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HTML5 Information

Learn More About the Latest Version of HTML — HTML5


Handwritten HTML5
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What is HTML5?

HTML5 is a new specification of HTML designed to follow HTML 4.01 and was created by designers who were not satisfied with the direction the W3C was taking HTML with the advent of XHTML 1.0. HTML5 adds features to help web application developers and to improve the interoperability among web browsers and user agents.

There are lots of new features to HTML5 including:

  • Tags to help with the structure of your pages like section, article, and aside.
  • New form tags to get more specific data in your forms
  • Multimedia tags to assist you in adding video and audio to your web pages.
  • Plus, some tags have been removed from the specification.

How to Use HTML5

HTML5 Doctype
The first thing you should know about HTML5 is how to tell browsers you’re using it. You do this by using the correct doctype:

<!doctype html>

Building an HTML5 Page
Put the doctype as the first line in your HTML document. Then add the <html> tag and start the <head> of your document. Inside the head, you should indicate the title of your document and the character set:

    <title>My First HTML5 Document</title>
    <meta charset="UTF-8">

Write your HTML5 document with the same tags as you would an HTML 4.01 document. Put your content in the <body> tag and close both the body tag and the html tag at the very bottom of the document.

Here is a sample HTML5 document:

<!doctype html>
    <title>My First HTML5 Document</title>
    <meta charset="UTF-8">
    <p>Put your HTML5 tags here</p>

HTML5 Browser Support

HTML5 is currently a working draft at the W3C. Because it has not yet been approved as a formal specification, many web browser manufacturers either don’t support HTML5 or only support some of the tags.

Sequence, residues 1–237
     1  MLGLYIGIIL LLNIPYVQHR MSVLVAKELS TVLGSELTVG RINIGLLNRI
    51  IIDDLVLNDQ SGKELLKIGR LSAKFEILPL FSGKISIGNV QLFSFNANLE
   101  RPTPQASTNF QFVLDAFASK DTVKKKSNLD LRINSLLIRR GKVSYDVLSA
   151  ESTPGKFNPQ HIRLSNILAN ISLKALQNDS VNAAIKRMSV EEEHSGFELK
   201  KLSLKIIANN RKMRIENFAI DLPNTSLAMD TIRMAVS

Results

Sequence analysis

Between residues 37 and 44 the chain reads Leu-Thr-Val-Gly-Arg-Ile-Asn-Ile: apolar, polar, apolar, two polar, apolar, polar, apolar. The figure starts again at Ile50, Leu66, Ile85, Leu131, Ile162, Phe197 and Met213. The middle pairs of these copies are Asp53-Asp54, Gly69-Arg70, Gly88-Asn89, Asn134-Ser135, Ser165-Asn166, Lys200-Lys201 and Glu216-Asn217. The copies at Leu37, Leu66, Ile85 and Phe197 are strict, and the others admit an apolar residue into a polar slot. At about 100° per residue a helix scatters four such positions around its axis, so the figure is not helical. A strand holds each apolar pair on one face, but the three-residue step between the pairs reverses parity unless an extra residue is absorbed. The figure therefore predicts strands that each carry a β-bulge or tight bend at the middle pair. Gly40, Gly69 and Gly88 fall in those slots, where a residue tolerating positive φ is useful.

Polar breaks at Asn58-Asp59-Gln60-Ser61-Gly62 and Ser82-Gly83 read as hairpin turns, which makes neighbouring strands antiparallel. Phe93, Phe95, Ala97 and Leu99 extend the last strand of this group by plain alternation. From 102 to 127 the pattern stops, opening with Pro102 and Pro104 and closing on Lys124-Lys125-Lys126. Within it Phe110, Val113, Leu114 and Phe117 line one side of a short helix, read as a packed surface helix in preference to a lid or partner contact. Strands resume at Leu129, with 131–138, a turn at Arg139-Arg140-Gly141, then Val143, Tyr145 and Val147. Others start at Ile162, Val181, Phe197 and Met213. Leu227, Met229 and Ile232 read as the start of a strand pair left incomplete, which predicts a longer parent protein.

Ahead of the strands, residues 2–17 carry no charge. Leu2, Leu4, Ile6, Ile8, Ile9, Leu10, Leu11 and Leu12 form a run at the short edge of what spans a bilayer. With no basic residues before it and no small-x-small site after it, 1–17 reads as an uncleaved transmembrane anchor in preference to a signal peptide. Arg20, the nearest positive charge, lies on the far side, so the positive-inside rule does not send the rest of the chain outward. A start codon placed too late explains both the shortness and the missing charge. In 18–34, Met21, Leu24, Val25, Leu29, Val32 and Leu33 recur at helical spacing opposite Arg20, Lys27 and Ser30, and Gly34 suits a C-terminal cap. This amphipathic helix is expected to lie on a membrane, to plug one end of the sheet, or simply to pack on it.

According to Deep Blue Sky and their tests of browsers that visit their site, Safari 4 has the widest support, missing only geolocation API support. Chrome has good support of HTML5, except for geolocation API. This isn’t surprising as it’s based off of Webkit like Safari. Firefox 3.5 supports the audio tag, video tag, canvas, and even the geolocation API. Opera 10 only really supports the canvas tag reliably, but it doesn’t support audio or video. However it does have good support for web forms 2 and SVG support. And of course, Internet Explorer 8 doesn’t support HTML5 at all.

HTML5 Tutorials

HTML5 has a lot of new features. And one way to learn them is with tutorials. Here are a few:

HTML5 and the W3C

The W3C has a working draft document of HTML5. But it was originally started by the WHATWG group. They started the development of HTML5, and continued it until the W3C took over.

HTML5 Validators

Checking that your HTML5 web page is correct is a lot easier when you can validate it. But there aren’t a lot of HTML5 validators. Here are a couple:

But because there is a part of the specification that defines how a browser’s parser will treat the byte stream, this will allow us to know how any given browser will treat the HTML it is given. And this is regardless of how valid the HTML is.

HTML5 Examples

Examples are a great way to learn HTML5.

HTML5 Websites

Here are a few sites that use HTML5 or you can submit your own:

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